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Should I Talk To The Police 

Law Office of James G. Burke, III Aug. 30, 2022

The police have arrested you or come to your door and they want to talk to you, what should I do? As a general rule, if you are a suspect and/or a person of interest you should talk with a lawyer first before talking to the police. Remember, you have the right to remain silent and anything you say will be used against you. 

Why should you talk to a lawyer before talking to the police? First, a lawyer is versed in the areas of the law that a laymen may not be aware of. For example, a person arrested for the rape of a teenage minor may unknowingly implicate themselves by talking to the police. When questioned by the police, the client may deny the rape charge. So far, so good, right? Wrong! The police will downplay the rape charge and suggest the client faces no legal jeopardy if he or she admits the sex was consensual. Should the client admit to having consensual sex, he or she may have just confessed to carnal knowledge of a juvenile. By admitting to having consensual sex, the client has ensured he will be arrested and the admission of having sex with the alleged victim may not absolve him or her of the rape charge. A lawyer can prevent this. 

A lawyer can also talk to the police and find out if their client is a suspect in the case. If a client is a suspect, a lawyer will probably advise his client to invoke his right to remain silent. If the client is not a suspect, a lawyer can attend the interview and shut down questioning if the lawyer feels his client may be in legal jeopardy.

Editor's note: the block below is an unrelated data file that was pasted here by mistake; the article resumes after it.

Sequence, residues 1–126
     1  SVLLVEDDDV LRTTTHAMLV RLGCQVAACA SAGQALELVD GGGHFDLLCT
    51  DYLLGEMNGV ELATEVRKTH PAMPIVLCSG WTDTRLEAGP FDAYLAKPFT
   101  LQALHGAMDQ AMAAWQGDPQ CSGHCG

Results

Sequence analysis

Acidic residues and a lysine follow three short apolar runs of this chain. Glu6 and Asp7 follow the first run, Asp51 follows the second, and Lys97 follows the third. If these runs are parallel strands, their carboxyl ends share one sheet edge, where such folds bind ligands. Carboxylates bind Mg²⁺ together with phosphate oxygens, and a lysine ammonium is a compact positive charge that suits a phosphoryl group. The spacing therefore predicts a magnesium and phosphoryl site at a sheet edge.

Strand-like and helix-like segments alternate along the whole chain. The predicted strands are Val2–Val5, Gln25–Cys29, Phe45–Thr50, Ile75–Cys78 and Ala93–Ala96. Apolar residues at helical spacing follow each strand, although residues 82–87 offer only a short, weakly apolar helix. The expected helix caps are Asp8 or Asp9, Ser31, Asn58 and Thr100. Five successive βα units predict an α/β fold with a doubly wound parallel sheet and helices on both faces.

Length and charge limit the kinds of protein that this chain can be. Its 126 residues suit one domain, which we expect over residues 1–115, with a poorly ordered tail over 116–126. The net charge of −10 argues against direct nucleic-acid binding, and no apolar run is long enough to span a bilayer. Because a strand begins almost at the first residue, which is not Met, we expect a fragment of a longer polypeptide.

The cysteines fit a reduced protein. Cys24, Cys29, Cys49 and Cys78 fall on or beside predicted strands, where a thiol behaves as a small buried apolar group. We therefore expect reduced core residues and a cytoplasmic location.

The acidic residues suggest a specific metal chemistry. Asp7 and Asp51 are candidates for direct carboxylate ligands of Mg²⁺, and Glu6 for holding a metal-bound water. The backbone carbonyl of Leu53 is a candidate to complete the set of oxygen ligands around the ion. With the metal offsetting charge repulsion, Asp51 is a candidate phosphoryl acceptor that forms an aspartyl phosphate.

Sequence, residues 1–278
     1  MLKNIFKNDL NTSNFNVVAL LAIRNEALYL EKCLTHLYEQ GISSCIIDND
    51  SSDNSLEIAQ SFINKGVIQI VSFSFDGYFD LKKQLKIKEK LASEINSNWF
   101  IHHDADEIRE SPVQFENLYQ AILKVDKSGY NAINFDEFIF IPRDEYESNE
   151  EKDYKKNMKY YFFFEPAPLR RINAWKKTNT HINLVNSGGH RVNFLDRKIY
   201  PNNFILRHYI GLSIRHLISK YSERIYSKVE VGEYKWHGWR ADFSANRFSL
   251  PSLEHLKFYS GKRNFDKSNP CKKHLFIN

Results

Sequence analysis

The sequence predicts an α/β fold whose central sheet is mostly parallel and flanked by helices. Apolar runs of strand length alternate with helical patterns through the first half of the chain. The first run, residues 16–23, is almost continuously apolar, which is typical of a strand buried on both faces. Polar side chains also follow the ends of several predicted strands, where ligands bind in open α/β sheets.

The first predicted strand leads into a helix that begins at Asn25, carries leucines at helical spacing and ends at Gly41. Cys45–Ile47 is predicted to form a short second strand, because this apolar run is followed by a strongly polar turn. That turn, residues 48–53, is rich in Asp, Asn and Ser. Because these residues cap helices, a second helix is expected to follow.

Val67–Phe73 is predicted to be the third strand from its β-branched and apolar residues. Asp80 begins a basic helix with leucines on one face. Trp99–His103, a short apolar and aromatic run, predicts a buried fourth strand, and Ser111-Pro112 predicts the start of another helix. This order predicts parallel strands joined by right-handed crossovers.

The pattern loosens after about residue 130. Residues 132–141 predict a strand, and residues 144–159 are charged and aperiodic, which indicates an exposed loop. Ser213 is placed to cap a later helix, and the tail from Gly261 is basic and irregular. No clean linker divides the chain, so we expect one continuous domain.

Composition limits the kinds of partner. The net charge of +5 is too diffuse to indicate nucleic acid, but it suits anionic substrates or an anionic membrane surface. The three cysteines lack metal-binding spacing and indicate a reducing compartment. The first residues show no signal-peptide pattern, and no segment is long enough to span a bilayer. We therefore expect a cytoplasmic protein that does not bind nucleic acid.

When a client comes to my office, I usually advise my clients to refrain from talking to the police. When I am initially retained, I usually know nothing about the case other than what my client has told me. As a careful lawyer, I must assume my client has either intentionally or unintentionally left out important pieces of information that may be incriminating. Moreover, I must consider the police have incriminating information against my client that I am unaware of.  

In my thirty years of practice, I have only allowed my clients to talk to the police on a few occasions and only after I fully investigated the case. This includes a thorough interview of client and vetting of their case. If there are witnesses, I would want to interview them and see if they corroborate my client’s story. Before I let my client talk to the police, I want to possess as much, if not more information than the police. By doing so, I can be reasonably assured my client’s statement will assist their case, instead of hurting it.